- The Washington Times - Wednesday, March 9, 2005

President Bush, declaring that Middle East dictatorships can no longer be “bought off,” yesterday called on the international community to fan the flames of freedom spreading across the region.

“All free nations must stand with the forces of democracy and justice that have begun to transform the Middle East,” Mr. Bush said at the National Defense University in Washington.

“The chances of democratic progress in the broader Middle East have seemed frozen in place for decades,” he added. “Yet at last, clearly and suddenly, the thaw has begun.”

It was the president’s first major foreign-policy address since the fall of Lebanon’s pro-Syrian government and other signs of democratization in the Middle East in recent weeks. The developments, which caught many observers by surprise, came in the wake of Iraq’s first free elections on Jan. 30.

“Across the Middle East, a critical mass of events is taking that region in a hopeful new direction,” he said. “Authoritarian rule is not the wave of the future; it is the last gasp of a discredited past.”

Mr. Bush also rejected Syrian President Bashar Assad’s offer to partially withdraw 14,000 troops from Lebanon. The president favors a full withdrawal before Lebanese elections in May.

“The Lebanese people have heard the speech by the Syrian president,” Mr. Bush said. “They’ve seen these delaying tactics and half-measures before.

“All Syrian military forces and intelligence personnel must withdraw before the Lebanese elections for those elections to be free and fair,” he added. “The elections in Lebanon must be fully and carefully monitored by international observers.”

Some members of Congress have proposed giving Mr. Bush extra tools to push his Syria policy.

Rep. Ileana Ros-Lehtinen, Florida Republican, and Rep. Eliot L. Engel, New York Democrat, introduced the Lebanon and Syria Liberation Act, under which the president would impose sanctions on other nations that aid Syria’s missile or weapons programs. It also instructs the executive branch to oppose international loans for Syria or Syrian bids for leadership positions at the United Nations.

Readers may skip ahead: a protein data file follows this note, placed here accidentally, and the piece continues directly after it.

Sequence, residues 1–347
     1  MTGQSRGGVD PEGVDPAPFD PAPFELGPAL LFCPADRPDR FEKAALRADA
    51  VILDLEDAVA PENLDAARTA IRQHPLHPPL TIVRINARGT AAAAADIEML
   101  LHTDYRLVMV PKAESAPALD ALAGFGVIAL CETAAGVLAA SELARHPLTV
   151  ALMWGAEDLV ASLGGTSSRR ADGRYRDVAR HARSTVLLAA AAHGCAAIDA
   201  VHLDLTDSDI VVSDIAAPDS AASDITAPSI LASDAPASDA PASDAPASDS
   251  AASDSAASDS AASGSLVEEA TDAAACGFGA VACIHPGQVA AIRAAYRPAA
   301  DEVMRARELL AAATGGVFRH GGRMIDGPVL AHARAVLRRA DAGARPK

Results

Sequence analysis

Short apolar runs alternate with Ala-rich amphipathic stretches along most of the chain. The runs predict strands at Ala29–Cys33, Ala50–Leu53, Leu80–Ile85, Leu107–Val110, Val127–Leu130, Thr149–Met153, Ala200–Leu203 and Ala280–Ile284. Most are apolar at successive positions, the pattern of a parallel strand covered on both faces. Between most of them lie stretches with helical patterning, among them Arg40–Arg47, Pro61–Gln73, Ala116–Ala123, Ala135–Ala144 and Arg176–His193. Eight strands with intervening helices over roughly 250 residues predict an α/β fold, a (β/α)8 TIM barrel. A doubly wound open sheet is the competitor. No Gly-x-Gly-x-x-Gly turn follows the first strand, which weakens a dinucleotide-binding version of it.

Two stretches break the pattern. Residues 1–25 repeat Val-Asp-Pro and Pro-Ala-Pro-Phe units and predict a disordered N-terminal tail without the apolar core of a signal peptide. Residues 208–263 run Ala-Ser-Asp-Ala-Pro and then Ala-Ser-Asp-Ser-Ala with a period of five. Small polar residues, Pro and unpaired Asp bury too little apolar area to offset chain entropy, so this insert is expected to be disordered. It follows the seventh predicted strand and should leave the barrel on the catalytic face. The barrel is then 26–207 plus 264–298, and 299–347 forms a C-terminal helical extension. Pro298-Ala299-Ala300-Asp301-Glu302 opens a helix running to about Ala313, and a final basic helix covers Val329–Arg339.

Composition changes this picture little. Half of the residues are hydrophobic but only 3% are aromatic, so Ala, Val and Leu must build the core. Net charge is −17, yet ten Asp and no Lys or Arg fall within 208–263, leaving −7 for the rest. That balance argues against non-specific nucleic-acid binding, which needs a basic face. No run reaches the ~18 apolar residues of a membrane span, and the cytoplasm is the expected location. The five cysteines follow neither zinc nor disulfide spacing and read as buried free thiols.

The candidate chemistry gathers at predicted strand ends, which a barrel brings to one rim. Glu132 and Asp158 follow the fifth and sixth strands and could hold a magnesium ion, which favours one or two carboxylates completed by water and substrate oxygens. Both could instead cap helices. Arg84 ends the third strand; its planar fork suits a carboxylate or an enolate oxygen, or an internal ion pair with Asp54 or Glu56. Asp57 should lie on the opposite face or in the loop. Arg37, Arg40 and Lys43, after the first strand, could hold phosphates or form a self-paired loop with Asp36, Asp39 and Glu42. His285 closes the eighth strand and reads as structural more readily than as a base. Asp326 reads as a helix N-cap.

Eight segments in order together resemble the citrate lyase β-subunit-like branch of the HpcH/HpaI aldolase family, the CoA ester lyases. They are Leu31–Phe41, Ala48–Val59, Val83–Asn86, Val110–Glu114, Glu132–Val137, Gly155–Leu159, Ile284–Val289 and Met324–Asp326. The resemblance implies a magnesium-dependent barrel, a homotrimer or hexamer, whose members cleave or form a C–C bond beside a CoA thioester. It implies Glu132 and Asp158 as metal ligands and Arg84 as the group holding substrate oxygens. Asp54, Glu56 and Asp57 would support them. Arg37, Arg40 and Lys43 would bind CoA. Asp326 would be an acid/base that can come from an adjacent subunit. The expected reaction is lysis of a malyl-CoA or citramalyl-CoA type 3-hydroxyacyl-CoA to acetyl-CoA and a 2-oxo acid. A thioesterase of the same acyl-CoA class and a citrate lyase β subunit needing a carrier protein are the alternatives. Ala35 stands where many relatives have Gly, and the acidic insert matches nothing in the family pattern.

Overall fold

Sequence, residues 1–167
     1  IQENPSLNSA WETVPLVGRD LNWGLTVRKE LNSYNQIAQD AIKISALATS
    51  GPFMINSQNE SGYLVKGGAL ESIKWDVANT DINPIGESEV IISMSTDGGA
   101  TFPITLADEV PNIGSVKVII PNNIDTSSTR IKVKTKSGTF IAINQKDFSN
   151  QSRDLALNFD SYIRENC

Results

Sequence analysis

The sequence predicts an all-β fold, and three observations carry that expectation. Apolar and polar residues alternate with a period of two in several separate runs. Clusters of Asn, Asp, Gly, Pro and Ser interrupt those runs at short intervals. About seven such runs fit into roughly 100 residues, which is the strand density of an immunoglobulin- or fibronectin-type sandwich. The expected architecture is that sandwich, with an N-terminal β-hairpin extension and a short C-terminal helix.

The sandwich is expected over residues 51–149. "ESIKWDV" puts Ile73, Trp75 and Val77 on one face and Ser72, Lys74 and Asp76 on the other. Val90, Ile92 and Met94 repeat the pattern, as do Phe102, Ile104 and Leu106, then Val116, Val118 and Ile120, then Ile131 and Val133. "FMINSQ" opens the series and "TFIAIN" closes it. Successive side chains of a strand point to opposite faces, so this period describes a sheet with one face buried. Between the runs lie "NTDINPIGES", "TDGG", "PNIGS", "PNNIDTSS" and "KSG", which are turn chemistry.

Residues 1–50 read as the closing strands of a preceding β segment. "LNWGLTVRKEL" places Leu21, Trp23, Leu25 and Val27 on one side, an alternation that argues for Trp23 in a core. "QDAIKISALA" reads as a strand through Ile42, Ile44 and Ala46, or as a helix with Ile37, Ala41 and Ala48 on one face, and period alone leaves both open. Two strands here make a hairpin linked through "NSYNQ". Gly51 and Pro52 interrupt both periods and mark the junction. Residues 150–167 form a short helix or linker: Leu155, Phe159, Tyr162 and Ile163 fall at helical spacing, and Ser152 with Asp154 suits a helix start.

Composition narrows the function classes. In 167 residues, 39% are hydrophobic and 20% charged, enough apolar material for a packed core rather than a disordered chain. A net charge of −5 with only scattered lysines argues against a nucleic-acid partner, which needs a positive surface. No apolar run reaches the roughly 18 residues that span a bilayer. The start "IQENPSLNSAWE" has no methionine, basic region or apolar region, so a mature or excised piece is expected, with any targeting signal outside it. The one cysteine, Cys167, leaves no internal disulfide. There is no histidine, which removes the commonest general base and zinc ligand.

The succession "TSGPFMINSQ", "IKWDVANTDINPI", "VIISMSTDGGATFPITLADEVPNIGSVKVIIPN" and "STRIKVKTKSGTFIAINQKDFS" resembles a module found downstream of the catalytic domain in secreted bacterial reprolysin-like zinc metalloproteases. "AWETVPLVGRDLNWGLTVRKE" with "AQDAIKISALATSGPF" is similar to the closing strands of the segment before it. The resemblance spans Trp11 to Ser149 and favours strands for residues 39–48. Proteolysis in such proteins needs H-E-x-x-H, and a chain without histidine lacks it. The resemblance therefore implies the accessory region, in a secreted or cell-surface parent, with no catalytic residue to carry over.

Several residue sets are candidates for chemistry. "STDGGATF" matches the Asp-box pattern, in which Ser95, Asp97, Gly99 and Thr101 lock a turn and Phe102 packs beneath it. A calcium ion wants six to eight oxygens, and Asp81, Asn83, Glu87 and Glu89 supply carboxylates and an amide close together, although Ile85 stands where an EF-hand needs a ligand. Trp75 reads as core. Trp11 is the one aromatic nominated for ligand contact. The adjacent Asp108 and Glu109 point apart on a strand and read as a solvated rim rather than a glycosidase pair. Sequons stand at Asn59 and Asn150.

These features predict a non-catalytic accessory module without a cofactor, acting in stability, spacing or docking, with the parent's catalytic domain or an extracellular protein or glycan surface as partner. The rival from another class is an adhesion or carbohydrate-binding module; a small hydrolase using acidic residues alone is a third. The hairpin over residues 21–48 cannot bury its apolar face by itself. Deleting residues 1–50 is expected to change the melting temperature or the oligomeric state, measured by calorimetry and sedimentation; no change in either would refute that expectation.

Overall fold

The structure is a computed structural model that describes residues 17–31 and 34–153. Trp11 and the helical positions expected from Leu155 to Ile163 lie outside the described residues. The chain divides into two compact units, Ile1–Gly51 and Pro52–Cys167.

Mr. Engel and Mrs. Ros-Lehtinen said their bill continues the work of the Syria Accountability Act, which was passed in 2003 and called for sanctions on Syria itself.

“It’s futile to resist the spread of freedom and democracy in the Middle East,” Mrs. Ros-Lehtinen said.

The Jan. 30 Iraq elections have been widely viewed as a catalyst for democratization of the broader Middle East, even by many who were critical of the Bush administration’s policy in Iraq. Yesterday, Mr. Bush obliquely referred to the months of intense criticism he received during Iraq’s postwar difficulties.

“Encouraging democracy in that region is … a difficult commitment, demanding patience and resolve — when the headlines are good and when the headlines aren’t so good,” he said.

Encouraged by the swiftness of developments in the Middle East, Mr. Bush championed the “ultimate goal of ending tyranny in our world.” The president suggested that prior to September 11, the United States and other Western nations often turned a blind eye to Mideast tyrants.

“Decades of excusing and accommodating tyranny, in the pursuit of stability, have only led to injustice and instability and tragedy,” Mr. Bush said. “This status quo of despotism and anger cannot be ignored or appeased, kept in a box or bought off.”

Citing recent municipal elections in Saudi Arabia and the blossoming of democracy in Afghanistan, Mr. Bush made it clear that the dominoes have begun to topple in the Middle East.

“Pervasive fear is the foundation of every dictatorial regime — the prop that holds up all power not based on consent,” he said. “And when the regime of fear is broken, and the people find their courage and find their voice, democracy is their goal — and tyrants, themselves, have reason to fear.”

The president emphasized that democratization of the Middle East fulfills the ultimate goal of his foreign policy — to secure America’s safety by draining terrorist breeding grounds.

“Our security increasingly depends on the hope and progress of other nations now simmering in despair and resentment,” he said. “And that hope and progress is found only in the advance of freedom.

“This advance is a consistent theme of American strategy — from the Fourteen Points to the Four Freedoms to the Marshall Plan to the Reagan Doctrine,” he added.

“The trumpet of freedom has been sounded, and that trumpet never calls retreat.”

• Stephen Dinan contributed to this report.

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